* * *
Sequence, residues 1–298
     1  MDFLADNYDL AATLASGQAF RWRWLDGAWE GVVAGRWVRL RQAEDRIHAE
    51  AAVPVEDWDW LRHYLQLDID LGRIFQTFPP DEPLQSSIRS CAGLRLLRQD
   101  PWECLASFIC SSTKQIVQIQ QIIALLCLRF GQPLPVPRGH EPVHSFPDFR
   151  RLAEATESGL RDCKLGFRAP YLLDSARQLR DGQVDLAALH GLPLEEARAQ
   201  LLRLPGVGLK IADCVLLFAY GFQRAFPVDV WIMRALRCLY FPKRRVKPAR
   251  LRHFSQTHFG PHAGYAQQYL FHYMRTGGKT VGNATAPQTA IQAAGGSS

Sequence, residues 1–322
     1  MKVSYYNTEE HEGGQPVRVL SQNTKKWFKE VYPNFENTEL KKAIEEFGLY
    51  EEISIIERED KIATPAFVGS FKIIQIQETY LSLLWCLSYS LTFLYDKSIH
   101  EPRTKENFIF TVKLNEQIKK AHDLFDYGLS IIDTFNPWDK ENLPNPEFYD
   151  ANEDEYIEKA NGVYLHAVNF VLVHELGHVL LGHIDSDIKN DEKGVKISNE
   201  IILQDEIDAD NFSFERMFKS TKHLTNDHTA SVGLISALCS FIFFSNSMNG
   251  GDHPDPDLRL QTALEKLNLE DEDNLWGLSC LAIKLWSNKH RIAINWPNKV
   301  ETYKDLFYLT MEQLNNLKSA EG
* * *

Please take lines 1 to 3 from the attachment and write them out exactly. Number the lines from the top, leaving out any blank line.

Sequence, residues 1–298
     1  MDFLADNYDL AATLASGQAF RWRWLDGAWE GVVAGRWVRL RQAEDRIHAE
    51  AAVPVEDWDW LRHYLQLDID LGRIFQTFPP DEPLQSSIRS CAGLRLLRQD